That said, I know you know all of these things and I’m not suggesting you intended to do this.  But I suggest commenting on this phenomenon in the future, explaining why the lighting is doggerel and that it’s not an intentional method of making a result look even more superior than it is. 

Dont get me wrong, usually the photos you present are a very close match with lighting and I know first hand how exceptional Hasson and Wong are.   I just suggest being mindful of this phenomenon as I would hate to see anyone question Hasson and Wong when we know how good they are.  

Best wishes,

Bill

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Gasthoerer, 

Thank you for the comments! Here is a photo of the scar:

 JW-7-17-2018.jpg

 

JeanLDD, 

Thank you for the comments! I agree.

However:  “Same settings on the camera, same room, same lighting setup.  What is difficult about this?” It can be more difficult at times than it seems. Call me if you’d like the full version and you want to waste 30 minutes of your life you’ll never get back😊

 

Melvin-HTsoon, 

We have a request out to get him back for a video.

 

 

Conan, 

A normal look maybe, not the previous look. What some patients do is cut the hair short/shorter before the procedure to get people used to the new haircut and it does not draw attention. See this post and the 13 days post-op photos at the end.

 

https://www.hairrestorationnetwork.com/topic/48854-dr-hasson4693-graftsfutone-session-10-months/?tab=comments#comment-451785

 

hockeyman, 

I was involved with the majority of the in-person consults at Headquarters from 2002 to early 2017. Since late 2016 early 2017, I have handed over those duties and have concentrated on all my other responsibilities. I will see the occasional patient in person here and there for an evaluation but do most interaction with patients over the phone and by email.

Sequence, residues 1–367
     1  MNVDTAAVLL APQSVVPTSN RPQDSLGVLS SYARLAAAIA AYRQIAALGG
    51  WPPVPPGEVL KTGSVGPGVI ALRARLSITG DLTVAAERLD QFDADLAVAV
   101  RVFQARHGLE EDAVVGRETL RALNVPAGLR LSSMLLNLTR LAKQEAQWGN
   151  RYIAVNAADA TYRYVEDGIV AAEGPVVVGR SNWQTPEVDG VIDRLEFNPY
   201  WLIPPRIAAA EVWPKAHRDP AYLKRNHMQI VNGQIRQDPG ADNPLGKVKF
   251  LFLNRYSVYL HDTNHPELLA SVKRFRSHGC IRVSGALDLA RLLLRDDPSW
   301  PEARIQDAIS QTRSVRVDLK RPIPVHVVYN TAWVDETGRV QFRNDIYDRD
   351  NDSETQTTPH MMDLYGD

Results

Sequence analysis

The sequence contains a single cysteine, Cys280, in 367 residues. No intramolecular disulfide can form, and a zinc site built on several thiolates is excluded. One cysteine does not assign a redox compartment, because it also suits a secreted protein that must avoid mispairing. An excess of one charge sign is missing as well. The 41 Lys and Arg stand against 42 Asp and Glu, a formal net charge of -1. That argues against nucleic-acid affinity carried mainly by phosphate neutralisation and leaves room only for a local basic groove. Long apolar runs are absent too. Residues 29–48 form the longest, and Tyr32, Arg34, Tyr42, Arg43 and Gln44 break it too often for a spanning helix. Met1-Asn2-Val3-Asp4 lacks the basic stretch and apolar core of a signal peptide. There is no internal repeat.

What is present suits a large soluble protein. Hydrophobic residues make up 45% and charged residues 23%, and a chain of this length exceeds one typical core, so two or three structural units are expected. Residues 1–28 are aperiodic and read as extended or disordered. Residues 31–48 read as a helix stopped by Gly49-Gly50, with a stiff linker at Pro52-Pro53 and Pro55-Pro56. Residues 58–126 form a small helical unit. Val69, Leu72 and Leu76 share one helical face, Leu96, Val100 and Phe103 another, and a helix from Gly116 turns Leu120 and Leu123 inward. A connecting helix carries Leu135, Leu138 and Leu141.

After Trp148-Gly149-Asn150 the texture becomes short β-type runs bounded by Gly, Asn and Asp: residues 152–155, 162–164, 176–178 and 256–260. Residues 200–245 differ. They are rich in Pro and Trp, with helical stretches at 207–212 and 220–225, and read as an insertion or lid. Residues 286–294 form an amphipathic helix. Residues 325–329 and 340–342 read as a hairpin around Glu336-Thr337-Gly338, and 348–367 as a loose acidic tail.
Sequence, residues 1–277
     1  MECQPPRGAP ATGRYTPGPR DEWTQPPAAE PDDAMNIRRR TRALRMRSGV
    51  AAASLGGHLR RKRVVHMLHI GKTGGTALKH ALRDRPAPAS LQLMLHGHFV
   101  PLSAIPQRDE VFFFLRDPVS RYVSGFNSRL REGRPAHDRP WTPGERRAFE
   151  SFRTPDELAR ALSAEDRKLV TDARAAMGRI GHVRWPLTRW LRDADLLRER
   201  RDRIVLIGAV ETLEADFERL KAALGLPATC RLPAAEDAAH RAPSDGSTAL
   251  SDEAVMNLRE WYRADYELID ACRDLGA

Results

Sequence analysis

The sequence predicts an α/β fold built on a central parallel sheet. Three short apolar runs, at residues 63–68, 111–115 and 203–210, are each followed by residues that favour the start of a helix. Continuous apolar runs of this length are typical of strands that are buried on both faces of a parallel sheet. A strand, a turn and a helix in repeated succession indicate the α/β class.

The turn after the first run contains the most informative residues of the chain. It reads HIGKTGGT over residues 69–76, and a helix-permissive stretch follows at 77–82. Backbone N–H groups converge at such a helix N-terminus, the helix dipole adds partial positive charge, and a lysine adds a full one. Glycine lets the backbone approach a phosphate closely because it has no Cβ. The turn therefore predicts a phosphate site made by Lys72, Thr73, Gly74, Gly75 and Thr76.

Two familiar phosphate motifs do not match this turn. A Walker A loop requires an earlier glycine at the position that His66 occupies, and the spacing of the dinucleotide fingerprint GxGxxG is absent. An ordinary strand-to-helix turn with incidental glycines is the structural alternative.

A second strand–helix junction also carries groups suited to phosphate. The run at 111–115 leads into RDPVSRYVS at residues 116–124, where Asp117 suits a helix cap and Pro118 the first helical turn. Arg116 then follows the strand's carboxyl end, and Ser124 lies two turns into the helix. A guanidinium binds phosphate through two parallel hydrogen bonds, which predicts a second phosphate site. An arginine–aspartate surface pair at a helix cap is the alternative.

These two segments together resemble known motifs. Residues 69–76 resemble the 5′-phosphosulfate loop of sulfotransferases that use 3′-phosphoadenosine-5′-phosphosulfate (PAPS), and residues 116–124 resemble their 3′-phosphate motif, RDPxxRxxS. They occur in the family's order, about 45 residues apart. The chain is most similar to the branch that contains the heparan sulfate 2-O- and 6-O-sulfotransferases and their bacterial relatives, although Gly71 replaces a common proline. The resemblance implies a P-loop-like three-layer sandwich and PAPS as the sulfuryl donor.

Bill,

I had a long response to some of your comments but have decided maybe there is no point.  If we’re held to a higher standard, so be it. In the end, I appreciate the feedback and we will try and get better. The backgrounds are now the same at the clinic but we’re still be working through some of the before shots taken with the old background.

I will put in a disclaimer on my next post if necessary. Maybe something like: “This result is great but it may appear we are trying to deceive with the difference in lighting. Our apologies that the color of the background, the photographer, the camera settings, the camera, the lighting, etc. are not exactly the same as they were 2 years ago on the day of his procedure☺️

 

 

 

 

Edited by H & W Doug